Ascending and descending stairs seemed to concern my university instructors a great deal. When using sighted guide techniques, no basic modifications are necessary other than to insure the trainee's position before, during, and after a flight of stairs. When a cane is being used by the trainee, nothing different from what sighted people do is necessary other than to attend very closely to the sound of the trainee on the stairs.

Never stop the trainee in the middle of a flight of stairs for correction of technique. This is begging for an accident. If the trainee's technique is so bad as to constitute a danger, simply switch to using human guide technique to finish the steps but do this with great care to avoid a fall.

To insure that the trainee is correctly using upper hand and forearm, trailing, and other protective techniques, as well as correct cane techniques later in training, get in front of the trainee and see if you are detected as an obstacle. This is also a good potential test of echo location skills.

When cane training begins, hand over hand work may help with teaching "proper" cane technique. The sound of the trainee's cane will generally tell the trainer if a correct technique is being used.

To insure a correct arc width, stand in front of the trainee at arms length. spread your feet an inch or so wider than shoulder width. Have the trainee make an arc that touches the inside edge of your feet. This will help insure learning the feel of correct arc width and the trainer can also reach down to check arc height. Remember to use the trainee's shoulders (or hips in some cases) to determine the correct width of the arc.

Some trainees use an extremely light touch with the cane. Indoors this will seldom be a problem but a metal ring or other piece of metal placed at the bottom of the cane can serve to make a sound as the cane contacts the ground even if the touch is light.

In order to monitor the trainee's use of the cane it is helpful to get ten feet or so behind the trainee. This allows the trainer to more easily hear how the trainee is using the cane and makes hearing arc width and consistency easier. This technique of moving in front of and behind the trainee will also prove useful outdoors especially in residential environments when the trainee is still developing basic cane skills.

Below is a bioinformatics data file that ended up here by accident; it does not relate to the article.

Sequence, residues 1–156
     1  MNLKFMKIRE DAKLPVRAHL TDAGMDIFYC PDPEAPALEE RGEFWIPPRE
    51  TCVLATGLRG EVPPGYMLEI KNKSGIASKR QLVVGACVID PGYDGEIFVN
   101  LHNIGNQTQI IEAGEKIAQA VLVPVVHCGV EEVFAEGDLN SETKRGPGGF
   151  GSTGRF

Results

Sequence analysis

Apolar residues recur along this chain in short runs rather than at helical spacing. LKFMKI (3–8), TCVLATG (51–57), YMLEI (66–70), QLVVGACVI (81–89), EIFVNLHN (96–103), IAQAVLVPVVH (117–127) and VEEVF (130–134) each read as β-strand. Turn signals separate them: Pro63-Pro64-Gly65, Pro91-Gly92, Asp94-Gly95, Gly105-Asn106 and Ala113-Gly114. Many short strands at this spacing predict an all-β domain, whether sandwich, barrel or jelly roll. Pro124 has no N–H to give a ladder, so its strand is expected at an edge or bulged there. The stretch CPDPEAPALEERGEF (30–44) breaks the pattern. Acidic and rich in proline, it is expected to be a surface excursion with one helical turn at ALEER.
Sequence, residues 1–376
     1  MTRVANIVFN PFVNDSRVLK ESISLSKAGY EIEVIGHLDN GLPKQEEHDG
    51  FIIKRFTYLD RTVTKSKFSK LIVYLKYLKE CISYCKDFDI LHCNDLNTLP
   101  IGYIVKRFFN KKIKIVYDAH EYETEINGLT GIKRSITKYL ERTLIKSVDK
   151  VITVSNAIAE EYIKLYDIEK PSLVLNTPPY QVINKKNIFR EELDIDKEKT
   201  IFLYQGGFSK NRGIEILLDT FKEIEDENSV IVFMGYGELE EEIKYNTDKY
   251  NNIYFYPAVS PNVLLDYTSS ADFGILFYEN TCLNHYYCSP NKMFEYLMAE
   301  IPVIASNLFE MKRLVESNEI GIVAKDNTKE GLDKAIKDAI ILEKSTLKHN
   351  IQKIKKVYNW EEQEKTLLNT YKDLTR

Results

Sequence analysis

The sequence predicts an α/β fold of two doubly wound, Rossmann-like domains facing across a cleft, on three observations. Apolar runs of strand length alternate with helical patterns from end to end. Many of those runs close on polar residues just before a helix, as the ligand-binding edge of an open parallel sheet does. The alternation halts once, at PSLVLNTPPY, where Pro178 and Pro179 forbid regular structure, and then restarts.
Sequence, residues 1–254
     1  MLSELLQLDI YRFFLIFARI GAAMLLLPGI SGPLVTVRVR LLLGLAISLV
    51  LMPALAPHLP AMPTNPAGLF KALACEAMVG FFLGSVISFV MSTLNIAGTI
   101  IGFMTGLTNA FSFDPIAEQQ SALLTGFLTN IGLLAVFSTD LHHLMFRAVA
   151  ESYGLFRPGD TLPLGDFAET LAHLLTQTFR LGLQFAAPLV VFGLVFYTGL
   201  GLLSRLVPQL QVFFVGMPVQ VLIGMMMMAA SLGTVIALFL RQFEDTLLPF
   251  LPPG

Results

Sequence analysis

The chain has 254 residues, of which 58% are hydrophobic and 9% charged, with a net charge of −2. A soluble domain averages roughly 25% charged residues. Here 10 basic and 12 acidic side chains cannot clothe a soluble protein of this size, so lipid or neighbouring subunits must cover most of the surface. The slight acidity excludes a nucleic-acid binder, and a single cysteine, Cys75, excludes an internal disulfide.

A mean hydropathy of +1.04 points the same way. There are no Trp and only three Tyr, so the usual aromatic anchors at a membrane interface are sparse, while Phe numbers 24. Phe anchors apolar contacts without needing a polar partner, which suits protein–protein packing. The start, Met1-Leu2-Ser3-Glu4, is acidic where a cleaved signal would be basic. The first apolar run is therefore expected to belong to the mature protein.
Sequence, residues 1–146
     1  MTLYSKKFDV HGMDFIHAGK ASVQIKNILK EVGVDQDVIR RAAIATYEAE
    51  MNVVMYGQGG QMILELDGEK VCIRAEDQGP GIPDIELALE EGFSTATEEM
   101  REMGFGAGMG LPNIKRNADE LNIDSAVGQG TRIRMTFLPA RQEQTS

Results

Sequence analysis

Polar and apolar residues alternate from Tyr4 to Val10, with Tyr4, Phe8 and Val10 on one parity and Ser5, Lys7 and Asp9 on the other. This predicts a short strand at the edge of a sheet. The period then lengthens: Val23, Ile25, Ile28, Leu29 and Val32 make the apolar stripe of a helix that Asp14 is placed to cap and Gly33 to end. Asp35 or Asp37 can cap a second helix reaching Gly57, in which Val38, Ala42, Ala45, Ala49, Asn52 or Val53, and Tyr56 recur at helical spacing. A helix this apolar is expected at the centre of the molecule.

When outdoor work begins, the blind O&Mer may find it helpful to have had training in the use of etas if there are any etas available to use with trainees. The Sonicguide is probably the best ETA for working with trainees. It allows for tracking the trainee even in a crowd while simultaneously being able to scan the environment. The use of an ETA is not mandatory but can prove quite valuable.

The best way to handle outdoor work is as a team with the trainee. Echo location work should continue in the outdoor environment because echo sources change in the out-of-doors and the character of echo sources becomes quite a bit different.

Since signs cannot be read, olfactory training now becomes important for the identification of different types of buildings. Attending to auditory cues also becomes quite important in the outdoor environment.

It is sometimes necessary to very quickly examine an area just prior to beginning a lesson. A very wide arc covering the width of the sidewalk can be used for this and makes checking the area much faster. Keep in mind that this technique may not pick up drop-offs or holes in the center of the traveler's path so use it with care.

Another technique which may prove helpful is to use the cane tip to trail the curb as the trainer walks behind the trainee. This does not cover the path in front of and to one side of the trainer but does keep the line of travel straight and is quite quiet. It also serves to pick up landmarks such as driveways, poles, etc. The use of an ETA makes this and the previous technique safer. Do not teach these techniques to trainees.

One particular concern that sighted O&Mers seem to have is that a blind O&Mer could lose a trainee during a street crossing. Many of them seem to feel that constant physical contact with the trainee during a street crossing is necessary. With good echo location skills and/or hearing this is not necessary. In fact, for some trainees, physical contact will cause veering problems in itself. If it is necessary, there is a good probability that the trainee has been moved in to the current O&M situation too rapidly. The only exceptions to this may be when crossing very busy streets or around construction sites.